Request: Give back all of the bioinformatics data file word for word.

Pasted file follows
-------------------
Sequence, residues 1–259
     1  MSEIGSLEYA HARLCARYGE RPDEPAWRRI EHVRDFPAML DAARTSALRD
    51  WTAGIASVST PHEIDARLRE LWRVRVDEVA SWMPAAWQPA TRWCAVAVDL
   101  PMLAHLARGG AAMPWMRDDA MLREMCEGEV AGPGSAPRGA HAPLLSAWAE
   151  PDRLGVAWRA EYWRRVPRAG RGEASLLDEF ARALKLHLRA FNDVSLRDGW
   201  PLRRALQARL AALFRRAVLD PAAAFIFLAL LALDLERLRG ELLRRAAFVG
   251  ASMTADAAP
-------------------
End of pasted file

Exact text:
Sequence, residues 1–259
     1  MSEIGSLEYA HARLCARYGE RPDEPAWRRI EHVRDFPAML DAARTSALRD
    51  WTAGIASVST PHEIDARLRE LWRVRVDEVA SWMPAAWQPA TRWCAVAVDL
   101  PMLAHLARGG AAMPWMRDDA MLREMCEGEV AGPGSAPRGA HAPLLSAWAE
   151  PDRLGVAWRA EYWRRVPRAG RGEASLLDEF ARALKLHLRA FNDVSLRDGW
   201  PLRRALQARL AALFRRAVLD PAAAFIFLAL LALDLERLRG ELLRRAAFVG
   251  ASMTADAAP